The head of the Sudan Catholic Bishops' Conference challenged South Sudan to admit it is bankrupt after it failed to raise the funds to host Independence Day celebrations for a third year running.
Bishop Edward Hiiboro Kussala of Tombura-Yambio, South Sudan, said it would be courageous for the government "to declare that there is no money in South Sudan."
"When a country can no longer pay the interest on its debt or convince anyone to lend it money, it has reached bankruptcy," Bishop Hiiboro said in a statement on 9 July, the sixth anniversary of South Sudan declaring its independence. "The most obvious cause of this spotted state of bankruptcy of our beloved South Sudan includes civil war or financial mismanagement by the government."
"Our early national struggles for political autonomy soon have led to the continuing struggle for economic freedom," he said. "Freedom today includes human rights, minority rights, refugee rights and workers' rights."
Barely three years after independence, a power struggle in 2013, pitting President Salva Kiir and his former deputy, Riek Machar, plunged the country into civil war. The war has killed thousands, displaced nearly 1 million people, ignited a man-made famine and destroyed the country's economy.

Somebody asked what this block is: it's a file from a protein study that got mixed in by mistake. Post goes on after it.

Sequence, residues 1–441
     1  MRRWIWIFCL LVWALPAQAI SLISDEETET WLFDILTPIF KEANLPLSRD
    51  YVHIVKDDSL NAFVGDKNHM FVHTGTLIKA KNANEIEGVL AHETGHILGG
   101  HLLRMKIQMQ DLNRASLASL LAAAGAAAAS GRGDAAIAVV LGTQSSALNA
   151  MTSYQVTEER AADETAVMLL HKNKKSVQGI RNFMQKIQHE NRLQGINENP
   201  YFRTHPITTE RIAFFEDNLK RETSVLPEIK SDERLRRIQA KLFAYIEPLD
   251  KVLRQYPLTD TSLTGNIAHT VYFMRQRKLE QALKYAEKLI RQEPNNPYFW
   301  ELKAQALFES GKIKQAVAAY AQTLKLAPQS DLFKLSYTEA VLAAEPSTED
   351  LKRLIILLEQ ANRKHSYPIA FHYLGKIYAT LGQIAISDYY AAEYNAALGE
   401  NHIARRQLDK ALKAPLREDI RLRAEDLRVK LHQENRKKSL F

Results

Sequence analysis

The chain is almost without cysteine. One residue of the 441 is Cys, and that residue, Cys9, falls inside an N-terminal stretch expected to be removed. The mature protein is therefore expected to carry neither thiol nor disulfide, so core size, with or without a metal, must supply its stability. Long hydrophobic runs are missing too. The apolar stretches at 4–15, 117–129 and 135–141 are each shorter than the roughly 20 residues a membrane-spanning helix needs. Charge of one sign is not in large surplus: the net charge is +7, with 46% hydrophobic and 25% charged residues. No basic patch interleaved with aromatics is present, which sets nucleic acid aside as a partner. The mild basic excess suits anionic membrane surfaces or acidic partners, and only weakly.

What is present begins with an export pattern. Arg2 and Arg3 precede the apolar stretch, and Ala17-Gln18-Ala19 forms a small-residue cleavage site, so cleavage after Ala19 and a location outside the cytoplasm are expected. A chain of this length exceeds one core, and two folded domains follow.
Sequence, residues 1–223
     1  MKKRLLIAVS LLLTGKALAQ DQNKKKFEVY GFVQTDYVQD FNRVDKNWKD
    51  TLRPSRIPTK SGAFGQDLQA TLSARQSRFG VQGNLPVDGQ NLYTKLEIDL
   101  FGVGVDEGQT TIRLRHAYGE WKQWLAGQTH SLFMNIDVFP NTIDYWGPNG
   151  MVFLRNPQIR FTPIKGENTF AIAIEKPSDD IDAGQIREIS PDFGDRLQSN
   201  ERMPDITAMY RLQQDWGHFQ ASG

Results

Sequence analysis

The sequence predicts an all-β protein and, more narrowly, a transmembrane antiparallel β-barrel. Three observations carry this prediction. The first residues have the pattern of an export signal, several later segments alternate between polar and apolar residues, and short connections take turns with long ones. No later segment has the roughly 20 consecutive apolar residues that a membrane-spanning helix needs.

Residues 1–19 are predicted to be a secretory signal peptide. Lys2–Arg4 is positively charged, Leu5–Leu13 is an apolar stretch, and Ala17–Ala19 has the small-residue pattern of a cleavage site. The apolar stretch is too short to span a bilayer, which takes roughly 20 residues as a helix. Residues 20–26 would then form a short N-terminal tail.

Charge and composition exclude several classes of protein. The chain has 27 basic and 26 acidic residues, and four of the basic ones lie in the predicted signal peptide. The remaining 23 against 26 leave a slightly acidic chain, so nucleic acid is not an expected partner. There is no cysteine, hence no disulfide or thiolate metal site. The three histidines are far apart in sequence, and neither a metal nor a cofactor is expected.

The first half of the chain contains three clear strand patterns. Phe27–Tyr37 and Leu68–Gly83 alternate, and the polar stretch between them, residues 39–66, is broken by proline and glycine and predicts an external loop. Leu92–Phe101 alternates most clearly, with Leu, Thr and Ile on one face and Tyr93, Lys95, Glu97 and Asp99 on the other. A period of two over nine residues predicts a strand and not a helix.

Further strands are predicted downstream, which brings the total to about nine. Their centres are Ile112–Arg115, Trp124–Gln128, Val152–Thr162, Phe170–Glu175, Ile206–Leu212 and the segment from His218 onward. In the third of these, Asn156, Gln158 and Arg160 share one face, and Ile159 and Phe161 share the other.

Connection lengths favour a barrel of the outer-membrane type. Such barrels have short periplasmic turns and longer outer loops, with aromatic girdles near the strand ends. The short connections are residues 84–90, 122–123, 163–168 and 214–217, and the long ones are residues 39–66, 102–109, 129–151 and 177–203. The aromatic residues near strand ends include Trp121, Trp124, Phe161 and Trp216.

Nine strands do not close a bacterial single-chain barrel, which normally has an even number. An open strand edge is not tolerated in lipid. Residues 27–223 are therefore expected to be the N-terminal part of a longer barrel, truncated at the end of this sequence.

Bishop Hiiboro also cited massive inflation, the plummeting stock prices and the value of the local currency, as well as the banks that were shutting down. He said no services are being provided, and no meaningful salaries are being paid.
At the same time, he urged the government to take courage and seek bailout abroad to avert bankruptcy or to cope with its effects.
In December, Kiir announced a national dialogue, and Bishop Hiiboro stressed that it must be inclusive and "should remain neutral for the sake of truth."
But Juba Auxiliary Bishop Santo Loku Pio Doggale of Juba called the national dialogue peace strategy a waste of time.
The bishop told South Sudan's Radio Tamazuj that his country's problem were political and should be solved by the politicians. The bishop, who appears to be in the minority of church leaders, said political leaders had failed to find an amicable solution to the ongoing conflict in South Sudan.
"Instead of solving the political problem of this country, national dialogue is thrown to us because it is a church thing nobody should refuse," he said. "I don't refuse the national dialogue, but it is wrong. It is not good to cheat the poor people."
PICTURE: Young women help each other carry sacks of sorghum and beans on 17 March after receiving them at a distribution centre in Yirol, South Sudan